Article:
A classical mechanism for evaluating signals is to sort them in a 2-by-2 matrix according to likelihood of impact and likability of the effect. (This is the mechanism we introduce in our Horizon Scanning Document, and use ourselves in our workshops with customers.)
However, this game is different: We strive to investigate WHO each and any of these possible futures are good for, even those futures that we dislike ourselves.
“Google Glasses used for surveillance can be good for undercover cops.”
“People with hearing disabilities who have hard time navigating in group situations can regain their ability to keep track of a dialogue.”
“People who work in noisy surroundings, like firemen, might be able to communicate in a different way.”
Again, this is a method to strengthen your imagination. Joseph Voros has coined the so-called Futures Cone where he unpacks the different potential futures: The preposterous, the possible, the plausible, the projected, and the probable futures. And finally, the preferable future.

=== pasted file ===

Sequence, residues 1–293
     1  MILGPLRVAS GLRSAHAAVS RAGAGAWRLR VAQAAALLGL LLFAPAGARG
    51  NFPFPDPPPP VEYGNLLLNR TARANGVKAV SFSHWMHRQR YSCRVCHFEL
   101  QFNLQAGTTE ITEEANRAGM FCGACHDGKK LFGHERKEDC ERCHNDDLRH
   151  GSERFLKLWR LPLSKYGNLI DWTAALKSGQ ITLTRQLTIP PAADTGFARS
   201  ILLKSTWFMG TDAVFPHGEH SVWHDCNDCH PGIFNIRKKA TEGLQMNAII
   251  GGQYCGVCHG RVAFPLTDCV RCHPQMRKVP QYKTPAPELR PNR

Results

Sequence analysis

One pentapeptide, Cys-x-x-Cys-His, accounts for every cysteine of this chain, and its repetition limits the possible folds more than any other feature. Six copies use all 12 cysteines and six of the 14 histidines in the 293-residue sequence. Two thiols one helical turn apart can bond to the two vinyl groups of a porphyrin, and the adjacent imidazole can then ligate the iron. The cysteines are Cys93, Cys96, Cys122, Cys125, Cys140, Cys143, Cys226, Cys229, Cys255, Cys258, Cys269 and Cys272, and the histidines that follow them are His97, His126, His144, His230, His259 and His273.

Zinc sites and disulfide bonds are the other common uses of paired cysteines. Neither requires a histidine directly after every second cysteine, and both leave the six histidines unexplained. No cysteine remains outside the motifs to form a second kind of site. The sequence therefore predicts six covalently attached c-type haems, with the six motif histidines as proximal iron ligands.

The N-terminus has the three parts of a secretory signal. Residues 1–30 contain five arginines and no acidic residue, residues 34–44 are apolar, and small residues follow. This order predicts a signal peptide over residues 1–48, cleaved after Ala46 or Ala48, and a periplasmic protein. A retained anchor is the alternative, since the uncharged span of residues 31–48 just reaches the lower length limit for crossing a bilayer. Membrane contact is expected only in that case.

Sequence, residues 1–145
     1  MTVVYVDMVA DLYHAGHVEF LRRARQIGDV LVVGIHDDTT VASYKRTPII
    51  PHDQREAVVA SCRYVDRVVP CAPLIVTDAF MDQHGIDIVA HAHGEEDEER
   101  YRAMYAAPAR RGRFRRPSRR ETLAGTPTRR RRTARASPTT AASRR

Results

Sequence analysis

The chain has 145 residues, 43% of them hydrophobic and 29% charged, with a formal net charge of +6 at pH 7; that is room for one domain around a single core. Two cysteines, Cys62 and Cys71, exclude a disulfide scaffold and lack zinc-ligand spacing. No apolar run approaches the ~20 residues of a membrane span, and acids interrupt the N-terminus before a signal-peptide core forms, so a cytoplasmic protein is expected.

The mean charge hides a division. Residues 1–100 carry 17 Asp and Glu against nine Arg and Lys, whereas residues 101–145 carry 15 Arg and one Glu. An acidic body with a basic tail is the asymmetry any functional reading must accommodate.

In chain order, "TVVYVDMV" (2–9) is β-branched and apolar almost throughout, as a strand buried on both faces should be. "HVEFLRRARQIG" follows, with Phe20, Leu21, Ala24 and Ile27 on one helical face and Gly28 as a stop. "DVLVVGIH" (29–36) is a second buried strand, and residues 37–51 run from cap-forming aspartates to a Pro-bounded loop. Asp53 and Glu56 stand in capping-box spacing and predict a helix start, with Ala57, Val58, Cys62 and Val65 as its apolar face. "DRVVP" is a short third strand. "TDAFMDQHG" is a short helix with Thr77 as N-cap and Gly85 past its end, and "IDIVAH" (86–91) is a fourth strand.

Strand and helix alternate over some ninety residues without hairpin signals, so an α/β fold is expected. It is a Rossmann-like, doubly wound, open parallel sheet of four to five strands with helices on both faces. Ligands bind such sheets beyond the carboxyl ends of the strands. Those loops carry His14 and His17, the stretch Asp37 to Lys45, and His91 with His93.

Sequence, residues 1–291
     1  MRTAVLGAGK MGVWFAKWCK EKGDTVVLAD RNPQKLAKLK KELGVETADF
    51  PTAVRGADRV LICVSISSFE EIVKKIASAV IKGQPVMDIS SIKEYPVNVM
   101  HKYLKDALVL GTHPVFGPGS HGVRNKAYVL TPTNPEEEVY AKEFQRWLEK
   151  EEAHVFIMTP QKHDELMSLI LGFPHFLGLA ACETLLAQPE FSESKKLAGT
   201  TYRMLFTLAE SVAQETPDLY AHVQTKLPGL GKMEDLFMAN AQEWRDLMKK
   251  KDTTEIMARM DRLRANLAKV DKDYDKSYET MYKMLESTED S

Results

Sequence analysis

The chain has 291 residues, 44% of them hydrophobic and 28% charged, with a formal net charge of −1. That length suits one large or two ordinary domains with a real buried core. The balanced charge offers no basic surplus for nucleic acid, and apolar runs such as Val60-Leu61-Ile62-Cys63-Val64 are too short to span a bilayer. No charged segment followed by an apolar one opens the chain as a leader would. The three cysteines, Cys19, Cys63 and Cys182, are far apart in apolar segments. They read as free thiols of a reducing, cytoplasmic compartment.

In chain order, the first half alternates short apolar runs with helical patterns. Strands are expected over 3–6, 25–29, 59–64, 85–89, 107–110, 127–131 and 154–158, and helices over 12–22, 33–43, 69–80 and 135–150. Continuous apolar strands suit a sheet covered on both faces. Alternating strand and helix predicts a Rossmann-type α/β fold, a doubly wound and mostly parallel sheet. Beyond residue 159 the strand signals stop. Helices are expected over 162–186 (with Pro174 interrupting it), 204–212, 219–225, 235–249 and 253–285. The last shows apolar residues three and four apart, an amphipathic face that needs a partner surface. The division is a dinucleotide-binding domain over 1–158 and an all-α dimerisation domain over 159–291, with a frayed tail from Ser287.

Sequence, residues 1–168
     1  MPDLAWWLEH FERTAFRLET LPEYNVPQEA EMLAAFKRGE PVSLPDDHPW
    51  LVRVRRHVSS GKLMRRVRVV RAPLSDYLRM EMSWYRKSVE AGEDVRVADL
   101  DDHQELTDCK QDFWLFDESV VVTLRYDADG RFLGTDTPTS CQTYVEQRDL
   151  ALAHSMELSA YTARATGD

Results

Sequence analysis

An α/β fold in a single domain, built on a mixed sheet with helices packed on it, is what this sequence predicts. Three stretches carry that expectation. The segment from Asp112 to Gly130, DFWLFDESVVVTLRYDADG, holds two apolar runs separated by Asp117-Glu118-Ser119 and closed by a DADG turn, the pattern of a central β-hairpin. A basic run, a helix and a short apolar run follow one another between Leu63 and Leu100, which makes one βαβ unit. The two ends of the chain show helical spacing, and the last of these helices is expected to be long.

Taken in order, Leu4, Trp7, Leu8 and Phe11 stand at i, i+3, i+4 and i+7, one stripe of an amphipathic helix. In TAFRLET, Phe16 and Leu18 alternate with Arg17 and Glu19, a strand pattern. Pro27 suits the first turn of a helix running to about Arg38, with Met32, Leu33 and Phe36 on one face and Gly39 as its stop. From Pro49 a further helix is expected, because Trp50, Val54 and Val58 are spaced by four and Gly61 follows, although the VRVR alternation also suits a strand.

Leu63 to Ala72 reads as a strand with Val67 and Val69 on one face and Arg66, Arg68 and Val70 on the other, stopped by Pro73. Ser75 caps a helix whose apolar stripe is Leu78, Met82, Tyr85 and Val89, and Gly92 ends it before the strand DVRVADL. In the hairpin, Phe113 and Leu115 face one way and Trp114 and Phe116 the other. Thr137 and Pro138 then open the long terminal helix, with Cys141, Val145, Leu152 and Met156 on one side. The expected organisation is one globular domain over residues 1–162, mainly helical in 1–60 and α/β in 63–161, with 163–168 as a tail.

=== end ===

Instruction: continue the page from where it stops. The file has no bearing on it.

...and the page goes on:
The approach here is – for each of the possible futures – to imagine WHO this might be good for: who would prefer THAT version of the future?
Try it – give it a spin
These are fun and entertaining games but can be very resourceful as tools for both training your futures thinking, for making it a habit, and for applying it in your work too.
I hope you got inspired!
Oh, and by the way: Fortune Telling in coffee is called Tasseography
The Horizon Scanning Document on the Futures of Work
It’s called a ‘Horizon Scanning’ document because we scout into the horizon to see what developments and movements that are coming towards us.
We stand on our toes – or even a ladder – to get a glimpse of the anomalies and odd happenings, that might affect us.
The Horizon Scanning Document is used both as inspiration for your work, and as a concrete tool for Signal Sorting during the Futures Thinking process.
The document does not list the current trends but focuses on the signals that might lead to the next trends.